IRS automatically waives estimated tax penalty for eligible 2018 tax filers

Written on Aug 28, 2019

The IRS is automatically waiving the estimated tax penalty for the more than 400,000 eligible taxpayers who already filed their 2018 federal income tax returns but did not claim the waiver.

The IRS will apply this waiver to tax accounts of all eligible taxpayers, so there is no need to contact the IRS to apply for or request the waiver.

Earlier this year, the IRS lowered the usual 90% penalty threshold to 80% to help taxpayers whose withholding and estimated tax payments fell short of their total 2018 tax liability. The agency also removed the requirement that estimated tax payments be made in four equal installments, as long as they were all made by Jan. 15, 2019. The 90% threshold was initially lowered to 85% on Jan 16 and further lowered to 80% on March 22.

The automatic waiver applies to any individual taxpayer who paid at least 80% of their total tax liability through federal income tax withholding or quarterly estimated tax payments but did not claim the special waiver available to them when they filed their 2018 return earlier this year.

Refunds planned for eligible taxpayers who paid penalty

Over the next few months, the IRS will mail copies of notices CP 21 granting this relief to affected taxpayers. Any eligible taxpayer who already paid the penalty will also receive a refund check about three weeks after their CP21 notice regardless if they requested penalty relief. The agency emphasized that eligible taxpayers who have already filed a 2018 return do not need to request penalty relief, contact the IRS or take any other action to receive this relief.

For those yet to file, the IRS urges every eligible taxpayer to claim the waiver on their return. This includes those with tax-filing extensions due to run out on Oct. 15, 2019. The quickest and easiest way is to file electronically and take advantage of the waiver computation built into their tax software package. Those who choose to file on paper can fill out Form 2210 and attach it to their 2018 return. See the instructions to Form 2210 for details.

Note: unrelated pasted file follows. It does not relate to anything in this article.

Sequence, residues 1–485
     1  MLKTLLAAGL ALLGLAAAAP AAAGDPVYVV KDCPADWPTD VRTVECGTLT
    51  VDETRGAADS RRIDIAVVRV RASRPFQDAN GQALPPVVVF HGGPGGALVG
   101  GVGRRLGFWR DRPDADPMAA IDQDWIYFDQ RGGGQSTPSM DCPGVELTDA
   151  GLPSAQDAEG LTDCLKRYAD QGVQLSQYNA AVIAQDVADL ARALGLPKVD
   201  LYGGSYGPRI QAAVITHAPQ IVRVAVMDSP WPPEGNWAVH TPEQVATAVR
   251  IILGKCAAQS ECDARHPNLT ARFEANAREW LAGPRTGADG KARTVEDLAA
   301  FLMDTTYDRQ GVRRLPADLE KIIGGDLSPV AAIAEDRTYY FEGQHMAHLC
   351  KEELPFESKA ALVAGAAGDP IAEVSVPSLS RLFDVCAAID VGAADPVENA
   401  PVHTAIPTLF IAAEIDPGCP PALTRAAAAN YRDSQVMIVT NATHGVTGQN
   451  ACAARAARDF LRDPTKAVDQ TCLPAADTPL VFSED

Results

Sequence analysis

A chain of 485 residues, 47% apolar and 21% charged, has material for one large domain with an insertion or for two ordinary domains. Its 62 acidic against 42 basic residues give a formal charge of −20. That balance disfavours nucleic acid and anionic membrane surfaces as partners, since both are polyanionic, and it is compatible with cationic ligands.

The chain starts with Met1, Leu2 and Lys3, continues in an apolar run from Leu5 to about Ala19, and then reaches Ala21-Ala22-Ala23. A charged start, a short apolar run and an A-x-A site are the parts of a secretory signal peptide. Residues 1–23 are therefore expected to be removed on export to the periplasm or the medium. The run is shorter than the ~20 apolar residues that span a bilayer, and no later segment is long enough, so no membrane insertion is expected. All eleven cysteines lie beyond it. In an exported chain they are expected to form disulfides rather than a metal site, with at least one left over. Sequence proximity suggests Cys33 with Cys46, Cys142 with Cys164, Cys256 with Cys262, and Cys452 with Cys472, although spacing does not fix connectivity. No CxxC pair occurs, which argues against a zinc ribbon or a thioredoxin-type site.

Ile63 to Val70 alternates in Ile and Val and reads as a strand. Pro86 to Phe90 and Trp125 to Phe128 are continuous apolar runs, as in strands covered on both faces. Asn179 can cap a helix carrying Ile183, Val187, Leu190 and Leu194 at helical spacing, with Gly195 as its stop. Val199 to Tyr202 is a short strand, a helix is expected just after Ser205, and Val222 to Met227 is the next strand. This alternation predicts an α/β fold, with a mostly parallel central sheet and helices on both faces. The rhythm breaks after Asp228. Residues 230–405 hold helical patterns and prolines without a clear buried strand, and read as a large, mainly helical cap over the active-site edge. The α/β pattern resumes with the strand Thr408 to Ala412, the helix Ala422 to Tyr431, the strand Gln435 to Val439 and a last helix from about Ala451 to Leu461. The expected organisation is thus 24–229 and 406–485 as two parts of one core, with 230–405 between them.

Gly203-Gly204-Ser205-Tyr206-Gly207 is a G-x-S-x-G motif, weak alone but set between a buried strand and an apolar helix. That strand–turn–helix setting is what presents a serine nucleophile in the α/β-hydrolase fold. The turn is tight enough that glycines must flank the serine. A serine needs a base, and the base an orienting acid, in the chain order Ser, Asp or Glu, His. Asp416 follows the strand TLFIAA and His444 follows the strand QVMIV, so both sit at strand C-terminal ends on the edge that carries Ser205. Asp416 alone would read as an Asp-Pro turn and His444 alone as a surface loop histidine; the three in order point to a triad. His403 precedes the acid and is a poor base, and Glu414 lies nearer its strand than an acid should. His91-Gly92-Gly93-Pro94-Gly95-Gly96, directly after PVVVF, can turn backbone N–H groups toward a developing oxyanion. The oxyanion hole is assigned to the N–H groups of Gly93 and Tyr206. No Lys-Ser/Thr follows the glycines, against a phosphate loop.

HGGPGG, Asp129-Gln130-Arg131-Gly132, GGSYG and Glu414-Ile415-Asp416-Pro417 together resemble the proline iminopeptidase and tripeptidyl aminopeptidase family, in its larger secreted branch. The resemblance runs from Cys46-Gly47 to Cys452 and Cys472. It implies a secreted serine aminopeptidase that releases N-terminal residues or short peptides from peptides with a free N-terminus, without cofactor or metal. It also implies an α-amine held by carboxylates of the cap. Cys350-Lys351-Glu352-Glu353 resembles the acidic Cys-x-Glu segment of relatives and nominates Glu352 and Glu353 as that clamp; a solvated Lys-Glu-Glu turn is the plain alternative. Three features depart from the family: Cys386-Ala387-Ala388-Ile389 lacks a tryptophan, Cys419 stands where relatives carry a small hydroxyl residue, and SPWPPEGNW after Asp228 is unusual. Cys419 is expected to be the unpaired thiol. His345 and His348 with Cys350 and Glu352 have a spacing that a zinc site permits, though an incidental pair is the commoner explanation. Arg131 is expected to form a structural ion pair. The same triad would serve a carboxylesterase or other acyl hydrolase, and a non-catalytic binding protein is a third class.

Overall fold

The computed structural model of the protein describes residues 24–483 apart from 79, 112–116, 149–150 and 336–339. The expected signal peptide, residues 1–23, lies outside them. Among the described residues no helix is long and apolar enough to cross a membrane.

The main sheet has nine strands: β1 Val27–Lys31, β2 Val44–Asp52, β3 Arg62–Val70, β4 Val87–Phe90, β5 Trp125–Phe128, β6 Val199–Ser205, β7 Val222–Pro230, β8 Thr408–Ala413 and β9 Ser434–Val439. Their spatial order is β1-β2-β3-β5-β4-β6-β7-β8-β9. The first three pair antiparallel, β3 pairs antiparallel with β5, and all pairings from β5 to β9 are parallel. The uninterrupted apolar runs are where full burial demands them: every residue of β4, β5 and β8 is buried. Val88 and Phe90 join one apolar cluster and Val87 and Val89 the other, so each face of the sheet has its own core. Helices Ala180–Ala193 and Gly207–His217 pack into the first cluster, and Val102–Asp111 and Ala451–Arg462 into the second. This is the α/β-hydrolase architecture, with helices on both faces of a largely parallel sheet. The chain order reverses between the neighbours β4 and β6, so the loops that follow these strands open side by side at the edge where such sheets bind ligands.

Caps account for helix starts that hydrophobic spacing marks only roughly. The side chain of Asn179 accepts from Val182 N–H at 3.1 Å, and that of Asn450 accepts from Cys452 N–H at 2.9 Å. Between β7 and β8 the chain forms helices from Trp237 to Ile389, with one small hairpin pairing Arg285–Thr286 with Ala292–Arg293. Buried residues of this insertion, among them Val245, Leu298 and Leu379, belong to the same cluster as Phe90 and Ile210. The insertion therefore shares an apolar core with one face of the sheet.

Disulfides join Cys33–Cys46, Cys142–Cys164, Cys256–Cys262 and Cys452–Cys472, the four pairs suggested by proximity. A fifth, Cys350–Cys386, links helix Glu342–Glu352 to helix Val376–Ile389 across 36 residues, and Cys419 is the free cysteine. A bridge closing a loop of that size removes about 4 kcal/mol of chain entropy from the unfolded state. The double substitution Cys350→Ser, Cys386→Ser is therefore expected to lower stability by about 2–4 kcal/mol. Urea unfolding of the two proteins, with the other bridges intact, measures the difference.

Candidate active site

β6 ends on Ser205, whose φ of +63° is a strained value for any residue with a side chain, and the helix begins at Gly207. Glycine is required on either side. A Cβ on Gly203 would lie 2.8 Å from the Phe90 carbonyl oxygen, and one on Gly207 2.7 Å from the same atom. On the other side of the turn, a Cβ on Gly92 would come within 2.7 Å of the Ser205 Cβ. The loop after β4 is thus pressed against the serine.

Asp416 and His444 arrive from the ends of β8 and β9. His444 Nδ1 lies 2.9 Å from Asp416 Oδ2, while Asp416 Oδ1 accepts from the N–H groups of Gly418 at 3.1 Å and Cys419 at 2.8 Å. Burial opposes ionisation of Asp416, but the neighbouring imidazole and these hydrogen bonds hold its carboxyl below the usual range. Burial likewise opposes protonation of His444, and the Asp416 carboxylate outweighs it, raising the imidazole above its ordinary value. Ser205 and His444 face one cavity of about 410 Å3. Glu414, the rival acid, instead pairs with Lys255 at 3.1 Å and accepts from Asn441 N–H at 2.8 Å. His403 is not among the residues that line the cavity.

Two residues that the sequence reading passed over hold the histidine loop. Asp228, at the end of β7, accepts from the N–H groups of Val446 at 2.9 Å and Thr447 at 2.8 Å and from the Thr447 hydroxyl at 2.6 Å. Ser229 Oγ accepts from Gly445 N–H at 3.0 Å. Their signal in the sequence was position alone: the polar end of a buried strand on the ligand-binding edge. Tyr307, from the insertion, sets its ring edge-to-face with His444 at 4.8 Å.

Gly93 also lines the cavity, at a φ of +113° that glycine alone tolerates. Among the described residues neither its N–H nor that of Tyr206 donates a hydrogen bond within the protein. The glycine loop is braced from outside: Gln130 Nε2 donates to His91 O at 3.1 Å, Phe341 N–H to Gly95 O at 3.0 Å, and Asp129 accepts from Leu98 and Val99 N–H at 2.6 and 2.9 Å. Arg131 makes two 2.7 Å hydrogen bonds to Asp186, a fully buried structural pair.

Because the U.S. tax system is pay-as-you-go, taxpayers are required by law to pay most of their tax obligation during the year, rather than at the end of the year. This can be done by having tax withheld from paychecks, pension payments or Social Security benefits, making estimated tax payments or a combination of these methods. 

e-Services unavailable over Labor Day weekend

The IRS will conduct its annual Labor Day systems maintenance beginning 8 a.m. ET on Saturday, Aug. 31, until 6 a.m. ET on Tuesday, Sept. 3. The Modernized e-File Systems (MeF) (both Production and ATS) will not be available during this timeframe. Please refrain from accessing the MeF Systems to transmit business, individual or state tax returns, retrieve acknowledgments or submit any other service requests. Users should monitor the MeF Status Page for updates.

In addition, the e-Services’ Transcript Delivery System, TIN Matching, ACA and the e-file Application will also not be available during this time.

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